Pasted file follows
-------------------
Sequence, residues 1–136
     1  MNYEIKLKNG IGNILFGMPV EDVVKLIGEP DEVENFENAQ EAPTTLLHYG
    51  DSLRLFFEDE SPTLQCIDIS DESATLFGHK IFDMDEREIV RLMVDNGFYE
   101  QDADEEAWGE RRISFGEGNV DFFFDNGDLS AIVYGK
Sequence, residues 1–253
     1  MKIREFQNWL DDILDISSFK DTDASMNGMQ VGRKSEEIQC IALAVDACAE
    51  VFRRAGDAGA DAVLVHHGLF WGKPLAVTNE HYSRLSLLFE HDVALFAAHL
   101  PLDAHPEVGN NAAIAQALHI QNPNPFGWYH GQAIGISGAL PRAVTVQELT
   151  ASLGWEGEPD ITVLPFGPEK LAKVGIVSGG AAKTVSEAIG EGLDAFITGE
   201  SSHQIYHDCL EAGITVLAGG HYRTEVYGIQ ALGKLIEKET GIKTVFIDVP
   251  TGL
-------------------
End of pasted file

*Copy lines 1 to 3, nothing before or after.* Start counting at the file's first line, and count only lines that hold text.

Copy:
Sequence, residues 1–136
     1  MNYEIKLKNG IGNILFGMPV EDVVKLIGEP DEVENFENAQ EAPTTLLHYG
    51  DSLRLFFEDE SPTLQCIDIS DESATLFGHK IFDMDEREIV RLMVDNGFYE